A suggestion by Utah County Commissioner Brent Morris that Central Utah Project water not be delivered to areas south of Utah County has raised the ire of the Utah Farm Bureau.
Ken Ashby, president of the Farm Bureau, said Millard County officials and water users in the Sevier River basin are not going to sit idly by and watch the CUP's irrigation system evaporate."Water is a vital link in the survival of rural south-central Utah's agricultural economy and in the development of this area generally." He said the farm and ranch community would not give up the CUP water it has been promised without a fight.
Congress has balked at funding the 123,300 acre-foot irrigation system, and a plan to finance water system construction by increasing the mill levy for hydroelectric power from federal dams is in the advanced stages.
During a meeting conducted last week by Rep. Howard Nielson, R-Utah, Morris said the CUP's yet-to-be built irrigation feature is an economic farce and suggested the water be developed for culinary uses in Salt Lake County instead.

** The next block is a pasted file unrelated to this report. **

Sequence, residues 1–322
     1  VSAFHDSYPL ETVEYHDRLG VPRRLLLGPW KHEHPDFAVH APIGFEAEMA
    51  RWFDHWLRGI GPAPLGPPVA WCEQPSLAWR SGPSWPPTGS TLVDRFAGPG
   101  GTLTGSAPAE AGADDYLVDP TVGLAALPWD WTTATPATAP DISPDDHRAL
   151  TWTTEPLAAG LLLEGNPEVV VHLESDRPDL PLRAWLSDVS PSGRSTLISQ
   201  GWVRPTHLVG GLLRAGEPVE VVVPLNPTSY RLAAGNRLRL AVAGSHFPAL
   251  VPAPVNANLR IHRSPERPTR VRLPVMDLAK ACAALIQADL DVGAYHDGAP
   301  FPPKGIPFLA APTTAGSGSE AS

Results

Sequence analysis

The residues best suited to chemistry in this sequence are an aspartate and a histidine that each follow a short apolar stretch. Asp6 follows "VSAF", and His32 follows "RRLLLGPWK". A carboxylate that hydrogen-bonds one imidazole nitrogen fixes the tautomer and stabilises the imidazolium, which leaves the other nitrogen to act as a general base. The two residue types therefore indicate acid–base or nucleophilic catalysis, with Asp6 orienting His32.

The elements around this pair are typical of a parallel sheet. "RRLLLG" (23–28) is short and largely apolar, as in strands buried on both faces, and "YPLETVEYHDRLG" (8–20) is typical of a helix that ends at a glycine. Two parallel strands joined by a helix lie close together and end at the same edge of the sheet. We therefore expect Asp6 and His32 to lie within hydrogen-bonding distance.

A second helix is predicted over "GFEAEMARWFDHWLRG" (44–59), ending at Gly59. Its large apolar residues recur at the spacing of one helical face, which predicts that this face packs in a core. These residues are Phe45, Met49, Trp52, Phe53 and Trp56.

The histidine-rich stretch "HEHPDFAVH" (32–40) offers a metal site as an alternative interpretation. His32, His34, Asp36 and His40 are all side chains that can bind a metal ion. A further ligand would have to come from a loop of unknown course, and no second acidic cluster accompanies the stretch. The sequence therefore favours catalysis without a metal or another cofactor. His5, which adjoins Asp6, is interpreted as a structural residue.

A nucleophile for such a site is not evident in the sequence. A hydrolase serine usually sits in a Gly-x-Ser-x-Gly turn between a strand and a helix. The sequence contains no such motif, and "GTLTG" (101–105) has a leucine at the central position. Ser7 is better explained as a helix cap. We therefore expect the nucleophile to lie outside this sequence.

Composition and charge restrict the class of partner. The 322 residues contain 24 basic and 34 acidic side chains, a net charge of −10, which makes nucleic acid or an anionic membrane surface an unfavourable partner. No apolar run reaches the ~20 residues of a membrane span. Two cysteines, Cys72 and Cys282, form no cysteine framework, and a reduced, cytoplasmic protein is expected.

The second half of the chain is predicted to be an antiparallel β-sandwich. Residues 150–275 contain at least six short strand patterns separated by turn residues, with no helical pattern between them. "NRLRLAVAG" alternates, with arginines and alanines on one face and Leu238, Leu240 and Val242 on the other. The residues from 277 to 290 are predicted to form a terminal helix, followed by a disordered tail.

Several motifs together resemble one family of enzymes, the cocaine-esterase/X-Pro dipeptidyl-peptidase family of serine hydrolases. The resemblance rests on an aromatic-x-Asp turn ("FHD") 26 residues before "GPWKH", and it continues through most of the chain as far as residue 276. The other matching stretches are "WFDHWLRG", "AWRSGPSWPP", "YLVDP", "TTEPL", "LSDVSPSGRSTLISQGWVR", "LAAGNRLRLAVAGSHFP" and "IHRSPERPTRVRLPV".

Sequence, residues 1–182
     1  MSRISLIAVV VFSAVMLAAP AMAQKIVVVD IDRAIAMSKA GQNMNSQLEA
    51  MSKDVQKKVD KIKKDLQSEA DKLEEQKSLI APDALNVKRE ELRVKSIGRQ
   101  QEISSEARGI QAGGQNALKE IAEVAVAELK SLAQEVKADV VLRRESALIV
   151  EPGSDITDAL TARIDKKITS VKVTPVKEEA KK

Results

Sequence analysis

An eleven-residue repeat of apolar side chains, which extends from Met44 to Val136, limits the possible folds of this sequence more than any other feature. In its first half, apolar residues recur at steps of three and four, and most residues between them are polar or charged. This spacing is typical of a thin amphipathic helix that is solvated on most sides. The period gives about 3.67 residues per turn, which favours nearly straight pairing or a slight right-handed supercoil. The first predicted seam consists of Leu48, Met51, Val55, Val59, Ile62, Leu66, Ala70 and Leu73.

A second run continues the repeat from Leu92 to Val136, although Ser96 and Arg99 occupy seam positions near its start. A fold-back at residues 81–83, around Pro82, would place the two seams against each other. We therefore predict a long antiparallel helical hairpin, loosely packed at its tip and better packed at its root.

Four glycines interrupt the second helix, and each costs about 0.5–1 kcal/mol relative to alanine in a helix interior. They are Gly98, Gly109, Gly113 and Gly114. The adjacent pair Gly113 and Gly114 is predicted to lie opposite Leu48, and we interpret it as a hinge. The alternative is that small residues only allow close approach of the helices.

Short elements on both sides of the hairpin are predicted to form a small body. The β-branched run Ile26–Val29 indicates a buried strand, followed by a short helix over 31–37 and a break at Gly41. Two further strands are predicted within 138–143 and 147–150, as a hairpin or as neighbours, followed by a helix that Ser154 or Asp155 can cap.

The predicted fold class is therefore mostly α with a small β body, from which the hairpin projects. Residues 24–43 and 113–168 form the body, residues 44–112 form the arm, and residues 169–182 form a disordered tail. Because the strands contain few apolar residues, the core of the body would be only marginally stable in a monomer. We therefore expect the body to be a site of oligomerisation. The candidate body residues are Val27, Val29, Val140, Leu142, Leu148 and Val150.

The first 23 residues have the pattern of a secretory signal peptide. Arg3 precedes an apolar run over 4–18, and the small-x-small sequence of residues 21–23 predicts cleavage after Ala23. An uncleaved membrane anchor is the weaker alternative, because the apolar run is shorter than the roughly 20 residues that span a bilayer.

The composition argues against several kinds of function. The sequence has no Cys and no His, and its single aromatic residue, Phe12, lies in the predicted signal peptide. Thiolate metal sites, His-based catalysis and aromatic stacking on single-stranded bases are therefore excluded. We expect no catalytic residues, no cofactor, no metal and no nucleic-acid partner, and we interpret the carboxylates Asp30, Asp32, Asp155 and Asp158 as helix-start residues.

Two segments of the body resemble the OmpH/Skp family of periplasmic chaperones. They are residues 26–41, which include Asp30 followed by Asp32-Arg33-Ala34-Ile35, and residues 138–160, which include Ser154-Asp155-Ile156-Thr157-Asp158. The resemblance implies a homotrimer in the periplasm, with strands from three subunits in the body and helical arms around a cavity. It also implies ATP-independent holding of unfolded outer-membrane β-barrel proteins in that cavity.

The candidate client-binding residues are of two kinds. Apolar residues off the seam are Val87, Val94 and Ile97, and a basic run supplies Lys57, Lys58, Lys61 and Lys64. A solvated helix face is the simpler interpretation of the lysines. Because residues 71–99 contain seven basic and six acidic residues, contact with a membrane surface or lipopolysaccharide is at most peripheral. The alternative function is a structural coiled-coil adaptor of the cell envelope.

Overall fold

Lopping the irrigation system from the rest of the CUP has been actively considered for more than a year. Last fall, the Millard County Commission threatened to withhold taxes from the CUP's state sponsor, the Central Utah Water Conservancy District, unless progress on the irrigation system was made soon.
"The bottom line of that was to just get some attention," Ashby said. "We weren't just going to lie down and let them do whatever they wanted to."
The idea of returning CUP taxes to the CUP's southern counties and eliminating the irrigation system has also been bantered around by aides to Rep. Wayne Owens, D-Utah, although Ashby said he has commitments from Owens and the rest of the Utah congressional delegation that they will work to see the irrigation system built.
Nielson said he could go along with a plan to convert irrigation water to culinary water only if all of the players agreed - including Salt Lake County residents, who would have to pay the irrigation feature's sunk development costs.
Water users in the Delta area agreed to sell water they already had to the Intermountain Power Project only after Bureau of Reclamation officials assured them CUP water would be available as a replacement, Ashby said. "The CUP was a factor in their deciding to sell."